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Rectal Prolapse - Topic Overview

How is rectal prolapse diagnosed?

Your doctor will diagnose rectal prolapse by asking you questions about your symptoms and past medical problems and surgeries. He or she will also do a physical exam, which includes checking the rectum for loose tissue and to find out how strongly the anal sphincter contracts.

You may need tests to rule out other conditions. For example, you may need a sigmoidoscopy, a colonoscopy, or a barium enema to look for tumors, sores (ulcers), or abnormally narrow areas in the large intestine. Or a child may need a sweat test to check for cystic fibrosis if prolapse has occurred more than once or the cause is not clear.

How is it treated?

Prolapse in children tends to go away on its own. You can help keep the prolapse from coming back. If you can, push the prolapse into place as soon as it occurs. You can also have your child use a potty-training toilet so that he or she does not strain while having a bowel movement.

Sometimes children need treatment. For example, if the prolapse doesn't go away on its own, an injection of medicine into the rectum may help. If the prolapse was caused by another condition, the child may need treatment for that condition.

Home treatment for adults may help treat the prolapse and may be tried before other types of treatments.

  • If your doctor says it's okay, you can push the prolapse into place.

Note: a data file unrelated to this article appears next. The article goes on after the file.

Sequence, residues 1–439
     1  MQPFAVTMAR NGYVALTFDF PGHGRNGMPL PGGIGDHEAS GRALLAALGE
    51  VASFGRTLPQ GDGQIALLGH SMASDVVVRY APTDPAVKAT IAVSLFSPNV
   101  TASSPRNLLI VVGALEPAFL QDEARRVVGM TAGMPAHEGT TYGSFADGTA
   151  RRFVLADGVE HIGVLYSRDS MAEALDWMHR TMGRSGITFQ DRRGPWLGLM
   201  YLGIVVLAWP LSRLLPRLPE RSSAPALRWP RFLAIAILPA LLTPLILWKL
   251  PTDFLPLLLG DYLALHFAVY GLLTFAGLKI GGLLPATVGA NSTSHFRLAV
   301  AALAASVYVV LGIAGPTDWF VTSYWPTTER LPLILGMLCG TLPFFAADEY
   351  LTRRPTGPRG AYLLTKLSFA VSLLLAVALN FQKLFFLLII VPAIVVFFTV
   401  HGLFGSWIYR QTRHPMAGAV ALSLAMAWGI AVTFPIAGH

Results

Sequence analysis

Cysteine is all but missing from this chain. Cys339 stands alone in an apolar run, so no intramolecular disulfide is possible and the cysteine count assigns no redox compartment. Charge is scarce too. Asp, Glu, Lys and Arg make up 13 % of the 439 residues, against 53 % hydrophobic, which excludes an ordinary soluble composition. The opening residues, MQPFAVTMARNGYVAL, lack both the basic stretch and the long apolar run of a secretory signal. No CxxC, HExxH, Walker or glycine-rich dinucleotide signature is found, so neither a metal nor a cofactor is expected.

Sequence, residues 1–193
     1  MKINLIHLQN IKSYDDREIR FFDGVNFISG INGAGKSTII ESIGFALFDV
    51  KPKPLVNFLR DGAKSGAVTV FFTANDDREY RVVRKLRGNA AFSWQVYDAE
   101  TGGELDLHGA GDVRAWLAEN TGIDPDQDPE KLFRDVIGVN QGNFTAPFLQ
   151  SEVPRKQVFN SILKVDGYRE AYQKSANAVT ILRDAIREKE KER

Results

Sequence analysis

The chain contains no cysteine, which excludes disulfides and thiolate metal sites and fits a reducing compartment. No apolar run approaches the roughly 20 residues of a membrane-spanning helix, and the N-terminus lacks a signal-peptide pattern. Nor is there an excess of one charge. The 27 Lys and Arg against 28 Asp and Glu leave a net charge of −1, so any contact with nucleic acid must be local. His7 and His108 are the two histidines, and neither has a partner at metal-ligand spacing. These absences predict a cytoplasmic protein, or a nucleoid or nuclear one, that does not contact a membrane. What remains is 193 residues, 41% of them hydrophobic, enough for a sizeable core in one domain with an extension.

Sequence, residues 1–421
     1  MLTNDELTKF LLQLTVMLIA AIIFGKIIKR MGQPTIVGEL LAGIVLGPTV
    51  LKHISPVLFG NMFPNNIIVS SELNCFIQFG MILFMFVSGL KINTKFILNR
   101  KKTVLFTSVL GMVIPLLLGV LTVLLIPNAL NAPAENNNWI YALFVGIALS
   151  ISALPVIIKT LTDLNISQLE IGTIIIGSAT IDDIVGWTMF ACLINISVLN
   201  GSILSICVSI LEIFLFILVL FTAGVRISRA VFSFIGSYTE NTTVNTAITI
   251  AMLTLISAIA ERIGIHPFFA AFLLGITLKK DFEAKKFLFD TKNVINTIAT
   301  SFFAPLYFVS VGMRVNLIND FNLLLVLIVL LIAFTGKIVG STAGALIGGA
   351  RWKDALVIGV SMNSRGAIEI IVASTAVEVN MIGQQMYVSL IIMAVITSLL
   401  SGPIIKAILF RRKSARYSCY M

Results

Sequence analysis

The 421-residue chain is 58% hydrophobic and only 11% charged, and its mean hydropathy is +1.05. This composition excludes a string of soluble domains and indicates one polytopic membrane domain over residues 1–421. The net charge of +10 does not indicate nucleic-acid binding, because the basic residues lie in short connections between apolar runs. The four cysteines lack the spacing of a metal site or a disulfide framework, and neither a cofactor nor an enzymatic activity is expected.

• Avoid constipation. Drink plenty of water, and eat fruits, vegetables, and other foods that contain fiber. Changes in diet often are enough to improve or reverse a prolapse of the lining of the rectum (partial prolapse).
  • Do Kegel exercises to help strengthen the muscles of the pelvic area.
  • Don't strain while having a bowel movement. Use a stool softener if you need to.

People who have a complete prolapse or who have a partial prolapse that doesn't improve with a change in diet will need surgery. Surgery involves attaching the rectum to the muscles of the pelvic floor or the lower end of the spine (sacrum). Or surgery might involve removing a section of the large intestine that is no longer supported by the surrounding tissue. Both procedures may be done in the same surgery.

WebMD Medical Reference from Healthwise

Last Updated: April 15, 2013
This information is not intended to replace the advice of a doctor. Healthwise disclaims any liability for the decisions you make based on this information.
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